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altfor bekjendt Blik blive Blod Brev Charakter Childe Harold Coleridge Digt Don Juan dybe Død Edinburgh Edward Fitzgerald Eiendommelighed elsker engelske England faldt forskjellige forstaae Frankrig franske Frihed frygtelige føler følgende følte føre første gamle George give gjennem Goethe Grækenlands gaae gaaer havt helt hendes Hjerte holdt Hoved hvorledes høieste høre Haand Irland irske Jorden Kain kalde Keats kjende Kjærlighed Konge Kvinde lade Lady Land Landor levende Lidenskab lige ligesaa Lord Byron længe læse Mand Menneske Moore Mænd Maade maatte Napoleon Natur Naturalisme Newstead ning næsten Poesi poetiske politiske Prindsregenten Prometheus Ravenna Reise Robert Emmet Robert Southey Romantik sagde Sandhed Sang Satire seer Shelley sidste Sjæl skildrer skjønne Skotland skrev snart Southey stod stolt stærkt staaer synes Søskolens saadan saae saaledes Tanker Thomas Moore tilbage Træk tænke Udtryk Venedig Venner Verden virkelig Værker Walter Scott Wordsworth Øie Øieblik Øine Aand Aarhundredes
Page 251 - OH ! BREATHE NOT HIS NAME. OH ! breathe not his name, let it sleep in the shade, Where cold and unhonour'd his relics are laid ; Sad, silent, and dark be the tears that we shed, As the night-dew that falls on the grass o'er his head.
Page 251 - Yes, weep, and however my foes may condemn, Thy tears shall efface their decree ; For Heaven can witness, though guilty to them, I have been but too faithful to thee. With thee were the dreams of my earliest love ; Every thought of my reason was thine ; In my last humble prayer to the Spirit above, Thy name shall be mingled with mine.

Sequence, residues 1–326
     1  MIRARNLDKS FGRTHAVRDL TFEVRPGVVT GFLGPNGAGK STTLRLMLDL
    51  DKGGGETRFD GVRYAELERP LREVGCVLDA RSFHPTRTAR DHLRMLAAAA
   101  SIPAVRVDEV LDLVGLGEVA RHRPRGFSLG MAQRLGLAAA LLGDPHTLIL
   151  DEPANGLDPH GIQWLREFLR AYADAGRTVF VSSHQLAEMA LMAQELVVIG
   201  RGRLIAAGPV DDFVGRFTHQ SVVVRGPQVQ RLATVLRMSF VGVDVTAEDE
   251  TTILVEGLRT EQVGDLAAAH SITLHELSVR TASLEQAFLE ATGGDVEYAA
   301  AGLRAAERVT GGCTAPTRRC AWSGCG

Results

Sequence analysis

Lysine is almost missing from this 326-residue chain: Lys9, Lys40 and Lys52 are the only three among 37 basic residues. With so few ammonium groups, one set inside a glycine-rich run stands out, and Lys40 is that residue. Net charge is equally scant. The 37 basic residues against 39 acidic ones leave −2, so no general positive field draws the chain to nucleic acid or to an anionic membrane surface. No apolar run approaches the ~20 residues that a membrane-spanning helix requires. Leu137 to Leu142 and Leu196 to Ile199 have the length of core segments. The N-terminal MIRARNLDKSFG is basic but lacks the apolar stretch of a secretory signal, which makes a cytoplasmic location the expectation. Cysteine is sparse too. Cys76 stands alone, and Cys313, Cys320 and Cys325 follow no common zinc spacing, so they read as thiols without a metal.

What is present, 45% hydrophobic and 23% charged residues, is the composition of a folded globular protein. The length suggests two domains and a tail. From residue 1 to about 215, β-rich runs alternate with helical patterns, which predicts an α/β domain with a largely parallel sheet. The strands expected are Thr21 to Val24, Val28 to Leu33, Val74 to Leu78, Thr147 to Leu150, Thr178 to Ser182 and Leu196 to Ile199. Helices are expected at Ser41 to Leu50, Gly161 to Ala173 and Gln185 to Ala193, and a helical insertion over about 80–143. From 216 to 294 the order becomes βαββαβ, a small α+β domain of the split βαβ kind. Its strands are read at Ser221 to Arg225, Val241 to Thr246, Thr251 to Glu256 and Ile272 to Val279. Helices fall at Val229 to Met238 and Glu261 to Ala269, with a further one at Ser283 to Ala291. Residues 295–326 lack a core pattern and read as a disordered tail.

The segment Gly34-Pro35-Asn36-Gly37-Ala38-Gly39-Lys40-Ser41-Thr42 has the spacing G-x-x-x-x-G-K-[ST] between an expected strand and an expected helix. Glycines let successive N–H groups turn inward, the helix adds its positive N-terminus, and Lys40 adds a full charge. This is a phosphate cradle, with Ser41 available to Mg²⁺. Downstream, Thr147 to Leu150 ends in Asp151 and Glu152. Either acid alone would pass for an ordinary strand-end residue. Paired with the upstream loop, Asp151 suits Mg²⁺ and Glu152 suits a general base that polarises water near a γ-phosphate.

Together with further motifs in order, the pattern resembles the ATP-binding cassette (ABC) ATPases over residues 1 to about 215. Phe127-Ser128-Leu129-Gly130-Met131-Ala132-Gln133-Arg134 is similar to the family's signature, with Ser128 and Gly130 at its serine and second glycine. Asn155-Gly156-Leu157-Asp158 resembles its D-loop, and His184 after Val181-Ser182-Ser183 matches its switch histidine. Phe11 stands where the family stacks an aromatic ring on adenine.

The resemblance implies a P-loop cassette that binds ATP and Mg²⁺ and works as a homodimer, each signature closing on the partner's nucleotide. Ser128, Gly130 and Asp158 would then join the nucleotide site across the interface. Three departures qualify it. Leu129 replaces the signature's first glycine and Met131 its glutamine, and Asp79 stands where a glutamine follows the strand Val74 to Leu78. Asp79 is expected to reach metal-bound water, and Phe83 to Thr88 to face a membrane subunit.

Page 430 - From the loud roar of foaming calumny To the small whisper of the as paltry few, And subtler venom of the reptile crew, The Janus glance of whose significant eye, Learning to lie with silence, would seem true, And without utterance, save the shrug or sigh, Deal round to happy fools its speechless obloquy.
Page 417 - And all things weigh'd in custom's falsest scale ; Opinion an omnipotence — whose veil Mantles the earth with darkness, until right And wrong are accidents, and men grow pale Lest their own judgments should become too bright, And their free thoughts be crimes, and earth have too much light.
Page 519 - My days are in the yellow leaf ; The flowers and fruits of love are gone; The worm, the canker, and the grief Are mine alone!
Page 519 - Tread those reviving passions down, Unworthy manhood! — unto thee Indifferent should the smile or frown Of beauty be. If thou regret'st thy youth, why live? The land of honourable death Is here: — up to the field, and give Away thy breath! Seek out — less often sought than found — A soldier's grave, for thee the best; Then look around and choose thy ground, And take thy rest.
Page 269 - Rebellion ! foul, dishonouring word, Whose wrongful blight so oft has stain'd The holiest cause that tongue or sword Of mortal ever lost or gain'd. How many a spirit, born to bless, Hath sunk beneath that withering name, Whom but a day's, an hour's success Had wafted to eternal fame...
Page 291 - I STROVE with none, for none was worth my strife; Nature I loved, and next to Nature, Art; I warmed both hands before the fire of life; It sinks, and I am ready to depart.
Page 276 - WHEN we two parted . In silence and tears, Half broken-hearted, To sever for years, Pale grew thy cheek and cold, Colder thy kiss ; Truly that hour foretold Sorrow to this. The dew of the morning Sunk chill on my brow — It felt like the warning Of what I feel now. Thy vows are all broken, And light is thy fame ; I hear thy name spoken, And share in its shame. They name thee before me, A knell to mine ear ; A shudder comes o'er me — Why wert thou so dear ? They know...